A deal, whether in writing or orally, is not to be considered lightly, because you fully expect to keep your end of the bargain. Three things to consider before saying, "yes":
What happens now: Who owes who what? What, precisely, does each side promise to do, and what does each side get? It can't hurt to write this out in English and add it to the agreement, just to be sure you both agree.
What happens if things don't work out: If you don't do what you say you'll do, what happens? If the other person can't pay or can't deliver, or wants to walk away, then what? When you leave yourself (and the other person) an out, you're almost certainly investing in a better future, because you know in advance what the options are.
What happens if things do work out: If everyone's wildest dreams come true, then what? Does that person who gave you three days of advice end up owning half your gourmet foods business that you've worked on for twenty years? Describe the hypotheticals, and plan them out together, because today's hypothetical is tomorrow's unfair reality.
The fine print is there for a reason, and if you don't like it or can't live with it, cross it out or walk away. There's no better time than this very moment to be clear, to be honest and to have a difficult conversation.
When your small business is struggling, the thought of raising money feels like a life preserver.
That possible infusion of cash is a beacon of hope, the thing you can work on tirelessly. It's the one thing that appears as though it will make everything better.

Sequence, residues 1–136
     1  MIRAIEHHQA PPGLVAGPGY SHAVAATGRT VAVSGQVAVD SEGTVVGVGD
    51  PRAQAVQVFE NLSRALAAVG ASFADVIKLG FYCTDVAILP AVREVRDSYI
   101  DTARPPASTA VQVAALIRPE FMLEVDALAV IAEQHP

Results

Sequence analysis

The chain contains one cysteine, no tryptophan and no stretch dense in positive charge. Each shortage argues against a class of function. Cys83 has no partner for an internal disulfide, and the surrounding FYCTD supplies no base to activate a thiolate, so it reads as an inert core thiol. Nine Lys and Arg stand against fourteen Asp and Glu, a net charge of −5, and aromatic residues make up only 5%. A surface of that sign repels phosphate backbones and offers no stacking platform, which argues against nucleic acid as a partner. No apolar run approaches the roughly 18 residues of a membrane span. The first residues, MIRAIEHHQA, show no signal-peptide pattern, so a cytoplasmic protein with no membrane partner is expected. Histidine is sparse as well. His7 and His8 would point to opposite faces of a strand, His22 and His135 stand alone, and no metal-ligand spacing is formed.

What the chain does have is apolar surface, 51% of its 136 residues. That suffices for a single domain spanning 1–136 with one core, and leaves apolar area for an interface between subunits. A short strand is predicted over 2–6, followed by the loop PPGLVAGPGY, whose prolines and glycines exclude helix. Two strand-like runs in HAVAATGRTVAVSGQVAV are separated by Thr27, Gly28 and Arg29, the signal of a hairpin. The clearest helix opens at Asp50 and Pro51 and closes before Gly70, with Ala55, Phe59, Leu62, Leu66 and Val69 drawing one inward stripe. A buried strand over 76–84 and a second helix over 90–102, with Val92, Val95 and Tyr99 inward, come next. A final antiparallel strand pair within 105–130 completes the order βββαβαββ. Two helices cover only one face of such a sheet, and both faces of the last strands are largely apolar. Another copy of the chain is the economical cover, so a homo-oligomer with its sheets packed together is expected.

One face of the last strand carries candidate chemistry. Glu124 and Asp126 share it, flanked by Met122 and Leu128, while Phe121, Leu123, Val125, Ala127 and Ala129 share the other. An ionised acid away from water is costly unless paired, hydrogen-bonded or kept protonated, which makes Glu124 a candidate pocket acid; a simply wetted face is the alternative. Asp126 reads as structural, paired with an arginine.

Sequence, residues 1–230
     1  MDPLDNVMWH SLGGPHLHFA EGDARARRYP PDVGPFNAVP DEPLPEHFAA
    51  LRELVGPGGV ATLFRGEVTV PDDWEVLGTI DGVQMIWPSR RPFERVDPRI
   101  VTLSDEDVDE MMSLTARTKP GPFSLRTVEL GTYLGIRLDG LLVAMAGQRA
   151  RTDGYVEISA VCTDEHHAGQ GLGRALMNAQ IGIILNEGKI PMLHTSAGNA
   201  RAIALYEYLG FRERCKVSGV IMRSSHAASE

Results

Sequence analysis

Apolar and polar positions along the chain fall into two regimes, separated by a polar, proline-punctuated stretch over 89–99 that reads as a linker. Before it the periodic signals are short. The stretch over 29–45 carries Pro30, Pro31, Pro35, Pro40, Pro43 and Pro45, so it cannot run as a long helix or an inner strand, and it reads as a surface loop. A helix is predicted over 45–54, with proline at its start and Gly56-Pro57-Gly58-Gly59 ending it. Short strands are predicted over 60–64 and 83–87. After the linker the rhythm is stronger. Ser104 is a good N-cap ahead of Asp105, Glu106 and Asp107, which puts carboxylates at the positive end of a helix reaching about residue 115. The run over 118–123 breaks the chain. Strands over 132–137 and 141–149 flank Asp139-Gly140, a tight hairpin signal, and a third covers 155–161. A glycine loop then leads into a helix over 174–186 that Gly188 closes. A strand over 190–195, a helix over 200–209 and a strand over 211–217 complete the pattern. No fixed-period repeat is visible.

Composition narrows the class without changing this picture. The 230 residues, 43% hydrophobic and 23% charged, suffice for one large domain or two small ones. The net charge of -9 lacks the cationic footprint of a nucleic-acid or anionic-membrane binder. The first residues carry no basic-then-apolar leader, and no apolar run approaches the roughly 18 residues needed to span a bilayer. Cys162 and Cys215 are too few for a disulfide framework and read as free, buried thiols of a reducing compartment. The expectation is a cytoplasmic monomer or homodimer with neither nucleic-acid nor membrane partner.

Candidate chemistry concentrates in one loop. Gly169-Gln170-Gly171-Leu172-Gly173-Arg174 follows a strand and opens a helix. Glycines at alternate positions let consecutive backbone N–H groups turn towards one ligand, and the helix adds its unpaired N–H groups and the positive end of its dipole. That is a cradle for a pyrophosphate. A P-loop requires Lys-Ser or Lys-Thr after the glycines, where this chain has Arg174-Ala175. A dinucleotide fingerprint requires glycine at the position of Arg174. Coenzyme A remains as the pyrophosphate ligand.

Careful. It's often a detour, a distraction that won't pan out at the very same time it takes your eye off the real issues.
The problem starts with this: Few people will tell you to stop trying to raise money. They'll encourage you to polish your business plan, make more pitches, add more rigor, dream bigger.
Add to this that it's essentially impossible to build a 1000x company, but those are the ones that get all the hype and the ones that investors crave. So you're comparing yourself to something that's quite elusive.
And finally, as you get deeper and deeper into the quest, there are individuals and institutions that will happily take advantage of you, requiring you to personally guarantee debt, to give up control, to turn your dream project into something you never envisioned.
The reason for this money trap is that so many small-business owners confuse raising money for expenses with raising money to build an asset. This is worth understanding.
If you can say, "I will spend this money on X, and X will make Y happen, and Y will pay off handsomely," then a professional investor ought to be open to hearing that story.
But the things to spend money on are a significant real estate presence, machines, patents, a permanent, expensive brand. The entrepreneur who spends this money does it with enthusiasm, because she's buying things that are going to grow in value, fast.
This is the painting contractor who realizes that a high-powered industrial paint booth will make him the only guy in town who can do a certain kind of job. Or the fast food impresario who asserts that opening ten restaurants in one town in one year will give her the footprint to be more efficient and profitable.
But that's not the way most small business folks are wired.
We're wired to delight our customers, charge for what we do, and then spend some of that money to do it again.
If that sounds like you, pretend that it's not even possible to raise money from investors. Take the option off the table (where it isn't, really).
Instead, spend that energy and that passion and that focus to raise money from your customers. To delight more customers often enough that they happily pay you for what you can do for them. And then repeat. And again.
It's not a life preserver. Not at all. It's a stepwise path, a ramp from here to there, a process with no guru, no miracle, no signing bonus. It's merely the work.
The thing you signed up for in the first place.